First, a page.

A laboratory assay was developed to evaluate nontoxigenic strains of Aspergillus flavus as potential biocontrol agents. The assay system, which involves the inoculation of viable, wounded peanuts, has shown that nontoxigenic A. flavus is more competitive than nontoxigenic A. parasiticus in controlling aflatoxins and that the effectiveness of both species depends upon the density and toxigenicity of native soil populations of aflatoxin-producing fungi. Furthermore, evaluation of eight nontoxigenic A. flavus strains using the peanut seed assay suggests that several strains may be more effective at preventing aflatoxins than the current strain comprising afla-guard®. The potential impact of this accomplishment is the development of a more effective aflatoxin biocontrol product. This accomplishment addresses National Program 108 (Food Safety), Component 2 (Mycotoxins and Plant Toxins), Problem Statement 2.1.5 (Biocontrol Technologies).
5.Significant Activities that Support Special Target Populations
Dorner, J.W. 2008. Management and Prevention of Mycotoxins in Peanuts. Journal of Food Additives & Contaminants. 25:203-208.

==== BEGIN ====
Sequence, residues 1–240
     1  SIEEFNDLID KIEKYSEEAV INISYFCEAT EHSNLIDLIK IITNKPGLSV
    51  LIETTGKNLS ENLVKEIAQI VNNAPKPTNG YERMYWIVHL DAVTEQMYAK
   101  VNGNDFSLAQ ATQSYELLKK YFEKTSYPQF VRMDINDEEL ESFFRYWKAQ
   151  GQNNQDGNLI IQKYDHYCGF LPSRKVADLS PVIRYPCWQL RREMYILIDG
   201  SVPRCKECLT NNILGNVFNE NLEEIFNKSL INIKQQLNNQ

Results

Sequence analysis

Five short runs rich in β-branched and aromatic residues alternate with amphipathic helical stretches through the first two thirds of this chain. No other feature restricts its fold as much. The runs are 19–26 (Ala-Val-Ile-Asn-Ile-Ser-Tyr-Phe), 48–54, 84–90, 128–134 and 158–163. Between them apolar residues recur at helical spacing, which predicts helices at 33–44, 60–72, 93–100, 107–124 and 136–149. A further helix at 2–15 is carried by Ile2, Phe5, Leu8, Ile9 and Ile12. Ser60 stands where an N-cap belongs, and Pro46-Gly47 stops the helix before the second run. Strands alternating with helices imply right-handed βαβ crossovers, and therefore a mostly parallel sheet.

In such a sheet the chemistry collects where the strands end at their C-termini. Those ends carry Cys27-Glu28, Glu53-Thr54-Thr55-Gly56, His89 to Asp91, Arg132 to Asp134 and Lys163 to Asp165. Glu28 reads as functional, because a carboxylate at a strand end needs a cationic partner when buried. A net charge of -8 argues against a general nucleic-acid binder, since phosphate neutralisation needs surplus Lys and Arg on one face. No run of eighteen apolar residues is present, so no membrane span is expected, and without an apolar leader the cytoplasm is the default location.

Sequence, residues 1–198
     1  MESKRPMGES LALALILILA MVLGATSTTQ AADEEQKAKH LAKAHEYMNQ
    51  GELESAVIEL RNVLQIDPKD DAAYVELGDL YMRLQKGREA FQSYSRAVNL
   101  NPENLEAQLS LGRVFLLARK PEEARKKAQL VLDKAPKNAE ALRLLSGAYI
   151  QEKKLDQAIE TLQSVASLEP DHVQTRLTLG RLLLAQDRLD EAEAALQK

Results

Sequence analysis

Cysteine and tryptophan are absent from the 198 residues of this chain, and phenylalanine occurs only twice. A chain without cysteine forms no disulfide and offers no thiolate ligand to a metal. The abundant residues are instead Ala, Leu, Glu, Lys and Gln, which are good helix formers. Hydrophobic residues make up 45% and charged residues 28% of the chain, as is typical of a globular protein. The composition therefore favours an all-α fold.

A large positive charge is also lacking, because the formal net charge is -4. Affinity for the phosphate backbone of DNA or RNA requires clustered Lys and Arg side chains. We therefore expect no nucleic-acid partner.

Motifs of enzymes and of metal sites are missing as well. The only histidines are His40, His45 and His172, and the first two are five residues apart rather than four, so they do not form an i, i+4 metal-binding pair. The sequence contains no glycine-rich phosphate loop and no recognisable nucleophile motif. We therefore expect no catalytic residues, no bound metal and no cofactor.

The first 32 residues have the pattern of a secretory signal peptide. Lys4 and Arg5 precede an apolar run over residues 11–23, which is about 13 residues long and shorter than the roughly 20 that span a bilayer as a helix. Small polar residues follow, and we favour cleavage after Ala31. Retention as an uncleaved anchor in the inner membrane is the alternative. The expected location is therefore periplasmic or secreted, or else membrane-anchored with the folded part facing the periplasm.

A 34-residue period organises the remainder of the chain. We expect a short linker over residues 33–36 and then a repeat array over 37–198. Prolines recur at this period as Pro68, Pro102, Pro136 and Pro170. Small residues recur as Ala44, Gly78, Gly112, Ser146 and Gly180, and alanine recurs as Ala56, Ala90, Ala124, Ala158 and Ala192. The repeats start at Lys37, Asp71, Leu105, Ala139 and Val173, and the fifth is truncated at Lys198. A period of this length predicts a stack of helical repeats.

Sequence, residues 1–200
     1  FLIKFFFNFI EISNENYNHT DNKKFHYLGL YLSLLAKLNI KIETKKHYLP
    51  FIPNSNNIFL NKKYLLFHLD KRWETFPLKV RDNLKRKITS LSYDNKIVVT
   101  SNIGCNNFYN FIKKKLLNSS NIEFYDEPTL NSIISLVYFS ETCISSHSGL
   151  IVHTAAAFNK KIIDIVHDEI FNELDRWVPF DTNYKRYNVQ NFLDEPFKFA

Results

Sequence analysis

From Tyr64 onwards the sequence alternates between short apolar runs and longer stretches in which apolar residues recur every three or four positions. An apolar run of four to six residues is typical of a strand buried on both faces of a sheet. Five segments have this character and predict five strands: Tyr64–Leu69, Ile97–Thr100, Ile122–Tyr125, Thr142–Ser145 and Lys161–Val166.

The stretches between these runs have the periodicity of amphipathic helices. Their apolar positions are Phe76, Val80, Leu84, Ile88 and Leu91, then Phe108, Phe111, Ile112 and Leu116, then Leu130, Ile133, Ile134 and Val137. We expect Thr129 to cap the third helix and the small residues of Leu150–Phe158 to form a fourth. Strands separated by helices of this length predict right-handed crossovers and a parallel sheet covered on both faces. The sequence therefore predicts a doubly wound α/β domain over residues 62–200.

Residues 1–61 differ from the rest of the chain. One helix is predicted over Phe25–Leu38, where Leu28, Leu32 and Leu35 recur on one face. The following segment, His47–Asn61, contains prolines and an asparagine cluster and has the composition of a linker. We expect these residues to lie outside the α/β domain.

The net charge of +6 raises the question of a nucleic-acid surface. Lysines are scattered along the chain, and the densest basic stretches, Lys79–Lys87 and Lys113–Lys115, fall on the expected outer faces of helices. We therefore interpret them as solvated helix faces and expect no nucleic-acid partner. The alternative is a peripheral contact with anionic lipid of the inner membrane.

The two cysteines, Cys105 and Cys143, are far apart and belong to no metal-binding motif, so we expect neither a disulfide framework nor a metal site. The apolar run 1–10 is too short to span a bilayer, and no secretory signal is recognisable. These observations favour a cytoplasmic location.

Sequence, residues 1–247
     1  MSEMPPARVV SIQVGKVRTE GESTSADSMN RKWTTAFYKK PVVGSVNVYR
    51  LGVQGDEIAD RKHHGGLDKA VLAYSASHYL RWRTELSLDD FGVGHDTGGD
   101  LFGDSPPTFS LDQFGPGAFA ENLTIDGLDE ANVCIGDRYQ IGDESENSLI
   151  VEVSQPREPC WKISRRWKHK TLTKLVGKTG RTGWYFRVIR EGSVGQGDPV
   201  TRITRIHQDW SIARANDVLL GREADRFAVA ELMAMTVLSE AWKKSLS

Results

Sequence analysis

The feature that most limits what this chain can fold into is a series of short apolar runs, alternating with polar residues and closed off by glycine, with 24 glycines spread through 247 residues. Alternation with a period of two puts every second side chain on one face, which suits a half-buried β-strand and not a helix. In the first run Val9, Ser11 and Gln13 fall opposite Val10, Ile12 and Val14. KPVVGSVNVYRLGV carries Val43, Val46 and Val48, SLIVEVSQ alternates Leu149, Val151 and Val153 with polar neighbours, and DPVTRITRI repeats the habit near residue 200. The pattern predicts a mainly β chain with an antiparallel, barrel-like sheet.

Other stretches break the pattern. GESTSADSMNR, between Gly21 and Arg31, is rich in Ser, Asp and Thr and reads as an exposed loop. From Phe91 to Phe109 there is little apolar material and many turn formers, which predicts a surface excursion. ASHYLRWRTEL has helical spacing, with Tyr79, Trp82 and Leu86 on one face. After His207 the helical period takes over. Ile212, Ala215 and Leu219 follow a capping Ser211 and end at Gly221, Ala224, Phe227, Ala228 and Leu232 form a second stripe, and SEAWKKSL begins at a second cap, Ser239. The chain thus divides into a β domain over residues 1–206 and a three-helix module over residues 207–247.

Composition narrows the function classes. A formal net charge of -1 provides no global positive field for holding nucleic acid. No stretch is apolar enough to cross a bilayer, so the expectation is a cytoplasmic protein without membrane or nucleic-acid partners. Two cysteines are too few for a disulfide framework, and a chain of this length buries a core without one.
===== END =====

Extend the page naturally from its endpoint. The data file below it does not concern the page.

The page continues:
Horn, B.W. 2007. Biodiversity of Aspergillus section Flavi in the United States. Journal of Food Additives & Contaminants 24:1088-1101.
Ramirez-Prado, J.H., Moore, G.G., Horn, B.W., Carbone, I. 2008. Characterization and population analysis of the mating-type genes in Aspergillus flavus and A. parasiticus. Fungal Genetics and Biology. 45:1292-1299.
Carbone, I., Jakobek, J.L., Ramirez-Prado, J.H., Horn, B.W. 2007. Recombination, balancing selection and adaptive evolution in the aflatoxin gene cluster of aspergillus parasiticus. Molecular Ecology 16:4401-4417.
Carbone, I., Ramirez-Prado, J.H., Jakobek, J.L., Horn, B.W. 2007. Gene duplication, modularity and adaptation in the evolution of the aflatoxin gene cluster. Journal of Evolutionary Biology 7:111.